Life in the fast food lane hits a few speed bumps
Famous Brands joins Spur and Taste Holdings in finding the going rather tough ... how they must envy Nando’s
Apart from Nando’s, Famous Brands is probably SA’s most successful fast food/quick service restaurant operation.
But whereas Nando’s rules the UK high street, Famous Brands has struggled in this notoriously competitive region. And in SA, things aren’t going so well either.
The group has closed almost 100 stores in recent times, most in their so-called leading brands of Steers, Debonairs and Wimpy, with Wimpy taking most of the heat. There are also closures in Bread Basket, which is being phased out; Wakaberry; Mr Bigg’s in Nigeria; and Giramundo, the flamed chicken chain, is being wound down as it has never been able to gain meaningful traction.
A sign of the times, surely, as Taste Holdings (owners of Domino’s and Starbucks in SA) and Spur Corporation are also finding the going tough.Famous Brands’s full-year results to end-February 2018 were poor. Group revenue grew by a good 23% but further analysis indicates problems. This figure includes 12 months of trading for the recently acquired Gourmet Burger Kitchen (GBK) compared with only five months of that operation in the previous financial year. Also, with 18% of revenue growth relating to acquisitions, organic growth was only 5%. Turnover growth in the SA business was about 7%, and stripping out the impact of new store space, grew by a pedestrian 3.4%.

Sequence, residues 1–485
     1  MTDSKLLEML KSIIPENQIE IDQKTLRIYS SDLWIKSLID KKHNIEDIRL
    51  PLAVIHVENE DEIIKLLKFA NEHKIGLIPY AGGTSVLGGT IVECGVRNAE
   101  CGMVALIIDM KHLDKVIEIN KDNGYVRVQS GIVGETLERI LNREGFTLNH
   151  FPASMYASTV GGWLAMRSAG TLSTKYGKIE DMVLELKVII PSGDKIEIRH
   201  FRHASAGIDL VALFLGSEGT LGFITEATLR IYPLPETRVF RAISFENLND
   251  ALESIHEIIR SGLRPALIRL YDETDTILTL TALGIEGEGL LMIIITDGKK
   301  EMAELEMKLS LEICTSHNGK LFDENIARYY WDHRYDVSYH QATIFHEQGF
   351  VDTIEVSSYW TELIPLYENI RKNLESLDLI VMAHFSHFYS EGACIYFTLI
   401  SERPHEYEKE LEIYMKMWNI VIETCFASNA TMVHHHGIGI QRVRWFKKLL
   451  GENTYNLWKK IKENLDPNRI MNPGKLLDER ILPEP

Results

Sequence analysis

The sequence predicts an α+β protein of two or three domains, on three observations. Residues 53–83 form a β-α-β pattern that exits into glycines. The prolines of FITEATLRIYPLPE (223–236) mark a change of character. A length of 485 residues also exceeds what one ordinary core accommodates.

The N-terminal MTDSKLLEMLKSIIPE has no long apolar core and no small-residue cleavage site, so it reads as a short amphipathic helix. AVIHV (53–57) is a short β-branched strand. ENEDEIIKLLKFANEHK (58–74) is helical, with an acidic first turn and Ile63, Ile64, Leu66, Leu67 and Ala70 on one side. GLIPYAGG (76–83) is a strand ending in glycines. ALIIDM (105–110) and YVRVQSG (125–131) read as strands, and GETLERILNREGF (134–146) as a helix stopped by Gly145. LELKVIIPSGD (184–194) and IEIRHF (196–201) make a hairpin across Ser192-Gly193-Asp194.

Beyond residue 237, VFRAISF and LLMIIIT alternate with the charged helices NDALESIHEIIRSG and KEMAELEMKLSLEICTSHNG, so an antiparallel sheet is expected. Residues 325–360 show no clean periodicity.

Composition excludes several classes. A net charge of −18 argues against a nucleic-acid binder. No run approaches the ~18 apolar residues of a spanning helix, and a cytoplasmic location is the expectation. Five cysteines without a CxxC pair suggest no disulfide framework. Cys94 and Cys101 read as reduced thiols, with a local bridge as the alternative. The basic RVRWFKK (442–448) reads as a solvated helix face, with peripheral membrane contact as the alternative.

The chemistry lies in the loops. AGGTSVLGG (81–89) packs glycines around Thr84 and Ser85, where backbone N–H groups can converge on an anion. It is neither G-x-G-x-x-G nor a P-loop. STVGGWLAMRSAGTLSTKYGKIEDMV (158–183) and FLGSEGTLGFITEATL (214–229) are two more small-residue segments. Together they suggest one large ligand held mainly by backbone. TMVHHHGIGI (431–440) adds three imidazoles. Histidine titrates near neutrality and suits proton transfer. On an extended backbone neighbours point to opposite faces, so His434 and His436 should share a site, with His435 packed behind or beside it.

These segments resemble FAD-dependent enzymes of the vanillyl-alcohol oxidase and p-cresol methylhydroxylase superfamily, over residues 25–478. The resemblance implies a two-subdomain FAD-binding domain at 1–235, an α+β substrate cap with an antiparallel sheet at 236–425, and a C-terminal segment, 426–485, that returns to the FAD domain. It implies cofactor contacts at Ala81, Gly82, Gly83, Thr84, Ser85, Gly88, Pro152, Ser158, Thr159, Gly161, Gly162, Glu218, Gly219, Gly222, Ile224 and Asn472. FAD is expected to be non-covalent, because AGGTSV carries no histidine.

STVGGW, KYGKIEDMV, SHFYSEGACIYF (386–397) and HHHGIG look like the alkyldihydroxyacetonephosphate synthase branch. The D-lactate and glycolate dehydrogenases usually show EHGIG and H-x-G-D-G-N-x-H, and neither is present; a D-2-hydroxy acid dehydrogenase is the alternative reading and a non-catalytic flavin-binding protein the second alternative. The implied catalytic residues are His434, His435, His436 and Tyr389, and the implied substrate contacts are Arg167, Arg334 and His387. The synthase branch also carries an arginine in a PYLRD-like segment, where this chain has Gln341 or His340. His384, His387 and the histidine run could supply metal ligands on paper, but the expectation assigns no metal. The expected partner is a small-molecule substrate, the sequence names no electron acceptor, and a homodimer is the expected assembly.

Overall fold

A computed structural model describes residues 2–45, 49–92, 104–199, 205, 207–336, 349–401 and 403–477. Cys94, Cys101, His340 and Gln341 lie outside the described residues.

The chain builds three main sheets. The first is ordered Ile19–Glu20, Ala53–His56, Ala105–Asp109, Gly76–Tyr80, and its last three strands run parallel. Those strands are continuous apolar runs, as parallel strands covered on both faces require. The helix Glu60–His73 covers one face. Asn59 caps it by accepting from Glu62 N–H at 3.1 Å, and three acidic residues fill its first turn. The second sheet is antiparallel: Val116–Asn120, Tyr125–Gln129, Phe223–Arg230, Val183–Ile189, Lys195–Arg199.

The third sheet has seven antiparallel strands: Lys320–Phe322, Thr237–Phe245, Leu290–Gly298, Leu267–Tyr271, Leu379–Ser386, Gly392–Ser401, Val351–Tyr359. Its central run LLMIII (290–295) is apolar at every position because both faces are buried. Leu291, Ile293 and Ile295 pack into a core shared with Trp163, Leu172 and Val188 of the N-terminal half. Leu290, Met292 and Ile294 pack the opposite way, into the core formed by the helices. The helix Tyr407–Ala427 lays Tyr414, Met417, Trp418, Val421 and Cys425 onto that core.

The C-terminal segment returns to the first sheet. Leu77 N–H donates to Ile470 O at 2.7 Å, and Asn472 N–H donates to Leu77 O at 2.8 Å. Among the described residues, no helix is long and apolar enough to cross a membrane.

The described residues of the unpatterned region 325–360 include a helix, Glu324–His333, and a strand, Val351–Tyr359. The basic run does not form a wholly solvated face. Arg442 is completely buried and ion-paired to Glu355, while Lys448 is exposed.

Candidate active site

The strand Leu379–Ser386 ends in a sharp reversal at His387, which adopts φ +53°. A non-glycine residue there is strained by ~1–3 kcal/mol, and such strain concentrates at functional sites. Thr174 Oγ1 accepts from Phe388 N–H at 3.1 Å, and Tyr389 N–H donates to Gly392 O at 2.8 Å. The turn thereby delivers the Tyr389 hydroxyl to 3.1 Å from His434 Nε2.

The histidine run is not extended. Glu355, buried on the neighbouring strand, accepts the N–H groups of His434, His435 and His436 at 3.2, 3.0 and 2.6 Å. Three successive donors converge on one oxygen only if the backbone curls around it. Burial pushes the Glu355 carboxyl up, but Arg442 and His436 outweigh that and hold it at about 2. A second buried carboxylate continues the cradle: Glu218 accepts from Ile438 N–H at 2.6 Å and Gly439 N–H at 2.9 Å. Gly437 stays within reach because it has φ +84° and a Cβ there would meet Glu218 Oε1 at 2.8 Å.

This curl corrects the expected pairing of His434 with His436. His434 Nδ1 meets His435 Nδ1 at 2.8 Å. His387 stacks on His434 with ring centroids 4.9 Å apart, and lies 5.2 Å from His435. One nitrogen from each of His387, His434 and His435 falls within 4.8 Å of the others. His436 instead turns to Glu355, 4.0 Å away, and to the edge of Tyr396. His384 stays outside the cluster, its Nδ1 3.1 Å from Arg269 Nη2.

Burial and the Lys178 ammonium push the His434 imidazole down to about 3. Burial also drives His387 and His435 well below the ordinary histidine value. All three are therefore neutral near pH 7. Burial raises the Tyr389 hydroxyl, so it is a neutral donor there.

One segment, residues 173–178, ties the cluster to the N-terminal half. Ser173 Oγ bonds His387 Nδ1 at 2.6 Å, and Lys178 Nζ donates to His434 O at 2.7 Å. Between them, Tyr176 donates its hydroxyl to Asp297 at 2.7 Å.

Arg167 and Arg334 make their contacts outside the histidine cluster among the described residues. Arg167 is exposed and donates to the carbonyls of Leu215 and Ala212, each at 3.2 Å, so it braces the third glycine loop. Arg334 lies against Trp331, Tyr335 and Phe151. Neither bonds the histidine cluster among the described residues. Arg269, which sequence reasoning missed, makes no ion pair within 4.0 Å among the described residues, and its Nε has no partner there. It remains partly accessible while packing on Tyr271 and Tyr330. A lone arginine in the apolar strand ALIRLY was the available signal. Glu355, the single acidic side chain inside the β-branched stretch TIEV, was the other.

Headline earnings per share fell by 8% to 393c. Although the gross profit margin expanded from 48.5% to 53.7%, further down the income statement things weren’t so pleasing. The expense to turnover ratio rocketed from 32% to 41%, resulting in the operating profit margin slumping from 16.4% to 12.7%.
Wimpy in SA is 50 years old and showing its age. Certain sites such as Harrismith and Sandton City pump money, but many are tired and struggle to attract young people. This is problematic for Famous Brands as Wimpy is its largest revenue generator in SA, being categorised as sit-down “casual dining” and enjoying a higher average spend compared to the fast food segment.
The biggest headache for Famous Brands is GBK in the UK and Ireland. Bought from Yellowwoods (part-owned by the Enthoven family that also owns Nando’s) in October 2016 for £120m (at the time R2.1bn), the group took a R340m impairment on GBK in the 2018 financial year. Gearing has also risen sharply, from zero prior to the acquisition to over 126%, resulting in a pass on the dividend. Famous Brands bet the farm and paid a lot for something that is not working out.Despite efforts to differentiate through ingredients and cooking methods and times, burgers are a highly commoditised food offering, and competition is intense in the GBK top-end segment. Famous Brands management calls this “rapid expansion of the competitive set, and between 2014 and 2017, the number of top-end burger restaurants in the UK almost doubled, from 213 to 401. With the entry of new participants, first movers have lost their advantage and market share as consumers seek out new novelty offerings.”
Competitor incursion from the likes of Byron and Five Guys has affected GBK badly. It looks like a war of attrition in this segment of the UK burger industry and already Byron has indicated it will be closing 20 of its 67 outlets in terms of a voluntary arrangement with creditors.
Since peaking at R166 per share in October 2016, the Famous Brands share price has fallen consistently to its current R107, trading at a PE ratio of 27. This is hideously expensive, considering that any recovery at GBK will be relatively slow and the market for fast food/quick service restaurants in SA is in the doldrums.
Famous Brands is a well-managed company with strong brands. However it appears to have bitten off more than it can chew with GBK.
Chris Gilmour is an investment analyst.